A second and related issue is that being very gifted in terms of technical knowledge doesn’t necessarily make them skilled from a managerial point of view. But alas, the nature of career progression in most fields and companies means that talented individuals often end up being "rewarded" by being given management responsibilities. The result is that teams end up being led by individuals with no aptitude – and in many cases actually no interest – in being responsible for others and working in areas such as team-building, motivation and performance management. Using the example of retired sports superstars who try their hand at coaching, often with little success, some argue that highly skilled individuals are unable to bring themselves down to the level of the “lesser mortals”. This makes them unable to transfer useful knowledge, advice and skills to the individuals they are coaching, which translates into little difference being made to performance.

And retaining smart people can be a real headache too. They know they are considered highly attractive employees by other companies, which makes them think (perhaps rightly so) that they can expect better pay than others, as well as more benefits and higher bonuses. Now, this makes a lot of sense if their contribution to the company justifies that kind of payback. Or at least as much sense as the fact that CEOs have seen pay increase by 937% since 1978 while the typical worker has seen an increase of 10.2%. But if their superior brainpower translates into an uncommunicative, dictatorial approach that focuses purely on numbers and data, without being able to comprehend the more human aspects of consumer behaviour, is it really worth it? Some data would actually suggest that it is the less-confident among us who end up being more productive and successful.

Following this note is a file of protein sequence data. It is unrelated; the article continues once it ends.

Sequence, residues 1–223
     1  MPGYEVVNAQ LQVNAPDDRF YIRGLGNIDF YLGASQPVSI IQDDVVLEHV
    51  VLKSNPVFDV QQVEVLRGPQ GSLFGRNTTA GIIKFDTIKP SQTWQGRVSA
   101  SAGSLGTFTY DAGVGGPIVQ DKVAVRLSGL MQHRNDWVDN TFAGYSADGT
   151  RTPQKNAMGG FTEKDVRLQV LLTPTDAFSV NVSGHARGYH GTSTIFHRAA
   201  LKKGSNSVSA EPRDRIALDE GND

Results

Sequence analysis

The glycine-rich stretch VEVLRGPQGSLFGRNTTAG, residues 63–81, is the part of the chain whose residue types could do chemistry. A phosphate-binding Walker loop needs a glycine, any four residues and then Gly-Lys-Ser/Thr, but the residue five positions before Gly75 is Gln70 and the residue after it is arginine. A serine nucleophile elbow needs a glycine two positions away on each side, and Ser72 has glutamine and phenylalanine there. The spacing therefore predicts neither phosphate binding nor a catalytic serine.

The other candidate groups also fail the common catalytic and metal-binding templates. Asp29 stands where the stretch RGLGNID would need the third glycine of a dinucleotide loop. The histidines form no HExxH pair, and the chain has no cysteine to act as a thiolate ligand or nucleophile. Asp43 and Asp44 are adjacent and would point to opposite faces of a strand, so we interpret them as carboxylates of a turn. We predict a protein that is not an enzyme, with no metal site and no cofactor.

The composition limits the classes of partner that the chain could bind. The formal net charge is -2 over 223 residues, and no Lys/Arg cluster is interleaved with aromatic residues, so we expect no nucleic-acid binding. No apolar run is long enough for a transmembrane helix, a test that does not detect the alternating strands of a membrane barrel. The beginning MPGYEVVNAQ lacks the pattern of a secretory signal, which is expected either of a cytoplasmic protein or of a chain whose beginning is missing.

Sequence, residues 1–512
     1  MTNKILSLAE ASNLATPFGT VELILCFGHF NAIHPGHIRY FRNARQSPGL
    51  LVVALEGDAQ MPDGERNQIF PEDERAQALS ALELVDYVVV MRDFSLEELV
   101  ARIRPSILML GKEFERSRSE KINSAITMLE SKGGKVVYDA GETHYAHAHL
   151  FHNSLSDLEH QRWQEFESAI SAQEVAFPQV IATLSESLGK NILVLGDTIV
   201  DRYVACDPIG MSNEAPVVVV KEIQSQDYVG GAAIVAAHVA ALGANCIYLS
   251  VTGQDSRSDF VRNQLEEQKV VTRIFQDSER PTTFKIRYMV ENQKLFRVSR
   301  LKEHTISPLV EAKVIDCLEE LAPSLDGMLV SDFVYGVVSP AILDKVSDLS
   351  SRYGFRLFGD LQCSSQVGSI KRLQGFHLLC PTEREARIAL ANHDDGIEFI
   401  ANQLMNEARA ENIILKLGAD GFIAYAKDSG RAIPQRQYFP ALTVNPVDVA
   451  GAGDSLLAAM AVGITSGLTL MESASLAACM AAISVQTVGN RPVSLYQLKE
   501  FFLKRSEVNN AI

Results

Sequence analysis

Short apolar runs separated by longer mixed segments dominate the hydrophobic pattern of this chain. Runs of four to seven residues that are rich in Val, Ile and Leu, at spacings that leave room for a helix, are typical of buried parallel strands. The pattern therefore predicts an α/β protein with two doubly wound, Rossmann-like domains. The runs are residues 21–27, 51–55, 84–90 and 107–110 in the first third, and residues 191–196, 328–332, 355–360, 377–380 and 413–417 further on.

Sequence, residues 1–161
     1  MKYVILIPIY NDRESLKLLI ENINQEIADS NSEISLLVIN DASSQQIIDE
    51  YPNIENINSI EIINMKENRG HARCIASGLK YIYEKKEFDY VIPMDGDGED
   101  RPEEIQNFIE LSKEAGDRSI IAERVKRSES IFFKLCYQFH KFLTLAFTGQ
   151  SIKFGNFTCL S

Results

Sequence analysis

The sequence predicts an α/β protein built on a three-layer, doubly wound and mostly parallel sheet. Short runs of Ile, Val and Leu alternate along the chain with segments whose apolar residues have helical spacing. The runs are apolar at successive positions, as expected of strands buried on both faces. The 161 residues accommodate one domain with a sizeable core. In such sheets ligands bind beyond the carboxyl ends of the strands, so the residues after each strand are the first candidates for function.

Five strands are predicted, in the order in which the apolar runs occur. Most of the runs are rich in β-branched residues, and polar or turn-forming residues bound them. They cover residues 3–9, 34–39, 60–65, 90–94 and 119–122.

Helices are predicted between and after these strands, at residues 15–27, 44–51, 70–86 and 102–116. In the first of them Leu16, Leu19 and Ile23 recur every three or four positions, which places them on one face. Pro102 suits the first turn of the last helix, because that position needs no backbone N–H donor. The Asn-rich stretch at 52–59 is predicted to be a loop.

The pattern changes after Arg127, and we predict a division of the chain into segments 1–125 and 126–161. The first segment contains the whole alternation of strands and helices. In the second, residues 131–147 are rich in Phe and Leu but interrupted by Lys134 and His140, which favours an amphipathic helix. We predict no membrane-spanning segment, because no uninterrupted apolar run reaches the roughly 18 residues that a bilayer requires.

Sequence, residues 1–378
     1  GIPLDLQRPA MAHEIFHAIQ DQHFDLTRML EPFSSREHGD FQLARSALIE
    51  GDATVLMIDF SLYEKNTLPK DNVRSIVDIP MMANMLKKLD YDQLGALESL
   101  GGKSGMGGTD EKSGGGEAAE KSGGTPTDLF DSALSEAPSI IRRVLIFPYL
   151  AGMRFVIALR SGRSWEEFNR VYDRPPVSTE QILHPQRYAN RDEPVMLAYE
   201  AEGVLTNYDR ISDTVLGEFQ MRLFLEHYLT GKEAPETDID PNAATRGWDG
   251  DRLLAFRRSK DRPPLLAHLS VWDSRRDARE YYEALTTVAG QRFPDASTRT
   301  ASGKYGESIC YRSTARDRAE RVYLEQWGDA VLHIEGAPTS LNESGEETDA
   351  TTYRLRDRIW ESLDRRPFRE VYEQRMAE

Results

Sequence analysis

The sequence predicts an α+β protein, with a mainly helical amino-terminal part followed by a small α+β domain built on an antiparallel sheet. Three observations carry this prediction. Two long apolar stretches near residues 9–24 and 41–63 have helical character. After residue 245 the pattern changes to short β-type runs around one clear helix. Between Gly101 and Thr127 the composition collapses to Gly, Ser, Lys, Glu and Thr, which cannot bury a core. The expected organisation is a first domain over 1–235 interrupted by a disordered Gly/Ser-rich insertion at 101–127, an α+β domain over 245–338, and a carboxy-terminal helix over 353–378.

On a slightly unrelated note, another article I recently came across has made me wonder whether a little laziness could actually help me reach my goals more effectively. What I mean is that I grew up being told that hard work pays off, which has made me a fairly committed and dedicated worker. But apparently that may not be a particularly good thing either, because it means that I’m not afraid of having to do a lot of work to get somewhere. On the other hand, a lazy person tries to find the quickest way possible, which actually means they end up reaching the goal sooner. A little someone named Bill Gates actually famously said: "I will always choose a lazy person to do a difficult job, because he will find an easy way to do it".

And if it works for Gates, who are we to disagree?

Employers not complying with DSE responsibilitiesWhile there may not be enough evidence to say that spending long hours in front of a screen causes worsening eyesight, research has repeatedly shown that a high proportion of DSE (Display Screen Equipment) workers regularly complain of eye discomfort.

It is no surprise, then, that the Health & Safety Executive has had legislation in place since 1992 to protect workers’ health in this regard, primarily by ensuring that workplaces take appropriate precautions & measures to protect users’ eyesight against prolonged computer screen use. But a recent study conducted by Specsavers Corporate Eye Care has revealed that many companies are in fact failing to comply with these regulations. To be more precise, HR Grapevine reports that a worrying 63% of the 138 heads of companies questioned (all with Health & Safety or HR responsibilities) admitted not fully understanding the DSE regulations, in what appears to be continuing confusion regarding who is responsible for what.